The WPF and Silverlight TabControl serve a similar purpose to Pivot or Panorama controls on Windows Phone – to extend the number of controls available beyond the dimensions of the screen and easily switch between pages of these controls. In Windows 8 XAML none of these controls are available, and instead you can either use a GridView with groups or a FlipView (you can add headers to the FlipView by using a StackPanel with RadioButtons styled with TextRadioButtonStyle or a ListBox bound to the same ItemsSource as the FlipView and with their SelectedItem properties bound two ways).


There is no TreeView available. The recommended way to implement this feature is to do what the file pickers do with the folder trees: display contents of one tree level on a screen at a time and allow them to navigate toward the root or the leaves.

Viewport3D, D3DImage, DrawingSurface

These classes enable rendering 3D content in WPF and Silverlight applications using very different methods (respectively: XAML-centric object model for 3D primitives, ImageSource class for Direct3D9 integration and a control rendered with XNA). Windows 8 XAML takes yet another approach with three different methods for three different scenarios, all based upon DirectX 11.1 integration. Using DirectX also has the benefit of enabling high performance, high quality 2D rendering and using pixel shaders with Direct2D.

  • SurfaceImageSource is an ImageSource that you can use in an ImageBrush or an Image control to render content with DirectX to a limited section of the screen.
  • VirtualSurfaceImageSource extends SurfaceImageSource with support for very large rendered surfaces, such as very high resolution images, maps etc.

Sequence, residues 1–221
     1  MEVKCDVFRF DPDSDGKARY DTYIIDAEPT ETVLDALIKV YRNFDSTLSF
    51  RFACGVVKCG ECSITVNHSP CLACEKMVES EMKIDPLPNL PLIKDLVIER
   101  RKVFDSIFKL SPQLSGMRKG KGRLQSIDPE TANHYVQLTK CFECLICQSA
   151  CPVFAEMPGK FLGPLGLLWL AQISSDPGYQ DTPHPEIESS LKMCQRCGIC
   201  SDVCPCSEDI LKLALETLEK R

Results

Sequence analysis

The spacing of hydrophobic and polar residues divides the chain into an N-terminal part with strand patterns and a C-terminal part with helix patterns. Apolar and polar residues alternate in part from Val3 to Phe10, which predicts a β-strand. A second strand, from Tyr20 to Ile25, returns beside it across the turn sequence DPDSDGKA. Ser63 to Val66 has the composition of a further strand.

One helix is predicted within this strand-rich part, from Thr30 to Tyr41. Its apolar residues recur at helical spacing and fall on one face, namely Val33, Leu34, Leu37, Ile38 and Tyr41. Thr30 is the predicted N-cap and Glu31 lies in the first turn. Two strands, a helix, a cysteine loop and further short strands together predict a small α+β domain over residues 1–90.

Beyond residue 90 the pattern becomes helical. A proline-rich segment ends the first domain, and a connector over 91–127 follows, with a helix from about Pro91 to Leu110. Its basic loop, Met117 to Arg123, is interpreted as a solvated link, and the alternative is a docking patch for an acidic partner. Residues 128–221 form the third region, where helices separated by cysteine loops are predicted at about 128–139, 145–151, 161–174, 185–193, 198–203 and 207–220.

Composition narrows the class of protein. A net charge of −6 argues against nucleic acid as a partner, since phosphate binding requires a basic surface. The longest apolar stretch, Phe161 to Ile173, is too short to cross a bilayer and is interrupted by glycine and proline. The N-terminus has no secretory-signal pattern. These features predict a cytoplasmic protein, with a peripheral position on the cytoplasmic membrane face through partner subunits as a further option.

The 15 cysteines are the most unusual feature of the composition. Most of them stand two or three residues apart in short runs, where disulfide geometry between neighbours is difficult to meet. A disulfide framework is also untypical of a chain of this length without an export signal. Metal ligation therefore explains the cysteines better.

• SwapChainBackgroundPanel is a panel used for highest performance, full screen scenes rendered with DirectX that have some XAML-based controls overlaid on top.


WrapPanel is not available, but VariableSizedWrapGrid is, it is a bit similar and could be substituted in many cases. Otherwise, porting the WrapPanel from Silverlight Toolkit might be a simple solution.


There are quite a few controls missing from the new Windows 8 XAML platform, but as you can see, commercial component vendors as well as the open source community are quickly filling the gap. Some controls can and should be replaced with alternatives native to Windows 8. There are a few cases where you need to do some more work to achieve what you could with say Silverlight, but everything you need is still within reach.

Safari Books Online has the content you need

Below are some Windows 8 books to get you started, or you can check out all of the Windows 8 books and training videos available from Safari Books Online.

If you are not a subscriber, start your Safari Books Online free trial.

Building Windows 8 Applications with C# and XAML shows you how to build immersive, responsive touch apps for Windows 8 tablets, computers, and other devices! Top Microsoft MVP and Wintellect consultant Jeremy Likness shows how to leverage your existing C#, XAML, WPF, or Silverlight skills with new Visual Studio 12 tools and best practices to build incredibly powerful Windows 8/WinRT apps!
Get a head start on building apps for Windows 8. With a series of examples, Getting Started with Windows 8 Apps takes you through the process of creating complete touch-enabled apps that respond to native sensors. Through the course of the book, you’ll learn how to work with the Windows Runtime application model while building a Bing Image Search app.

About this author

Filip Skakun is a Sr. Interactive Developer at Vectorform, where he creates user experiences for the world’s top brands, using the new and upcoming technologies. He is also the creator of the WinRT XAML Toolkit, a popular library for Windows 8 XAML developers and has a blog where he writes about programming. You can catch him on twitter.

Tags: C#, Controls, Missing Controls, Windows 8, Windows 8 XAML,


  1.  Windows 8 Developer Links – 2012-10-12 | Dan Rigby